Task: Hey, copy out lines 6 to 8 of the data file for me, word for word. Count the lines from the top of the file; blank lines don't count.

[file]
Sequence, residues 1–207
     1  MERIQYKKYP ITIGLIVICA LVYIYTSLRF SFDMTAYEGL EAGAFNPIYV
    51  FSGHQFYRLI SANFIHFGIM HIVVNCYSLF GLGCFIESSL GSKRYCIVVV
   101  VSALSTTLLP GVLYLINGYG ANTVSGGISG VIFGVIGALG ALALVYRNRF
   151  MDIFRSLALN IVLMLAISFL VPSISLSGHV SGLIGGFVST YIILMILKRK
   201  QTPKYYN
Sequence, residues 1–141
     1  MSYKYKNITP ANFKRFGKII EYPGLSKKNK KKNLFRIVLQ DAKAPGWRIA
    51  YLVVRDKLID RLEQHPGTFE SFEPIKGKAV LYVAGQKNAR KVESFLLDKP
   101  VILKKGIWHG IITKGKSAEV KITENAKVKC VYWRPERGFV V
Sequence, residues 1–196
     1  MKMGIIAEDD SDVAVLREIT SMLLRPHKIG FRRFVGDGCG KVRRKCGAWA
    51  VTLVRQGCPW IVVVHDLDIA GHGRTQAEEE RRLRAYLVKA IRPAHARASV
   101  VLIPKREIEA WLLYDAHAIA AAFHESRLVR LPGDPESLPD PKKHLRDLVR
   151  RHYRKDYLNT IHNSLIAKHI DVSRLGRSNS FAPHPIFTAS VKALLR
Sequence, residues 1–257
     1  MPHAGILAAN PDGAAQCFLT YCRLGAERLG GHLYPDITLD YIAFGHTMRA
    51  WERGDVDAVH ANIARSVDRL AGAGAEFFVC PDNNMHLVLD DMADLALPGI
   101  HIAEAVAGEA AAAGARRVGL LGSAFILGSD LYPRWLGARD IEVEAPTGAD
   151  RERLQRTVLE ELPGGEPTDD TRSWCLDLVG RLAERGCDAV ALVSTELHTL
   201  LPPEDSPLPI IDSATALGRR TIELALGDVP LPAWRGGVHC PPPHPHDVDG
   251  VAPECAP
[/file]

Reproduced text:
   201  QTPKYYN
Sequence, residues 1–141
     1  MSYKYKNITP ANFKRFGKII EYPGLSKKNK KKNLFRIVLQ DAKAPGWRIA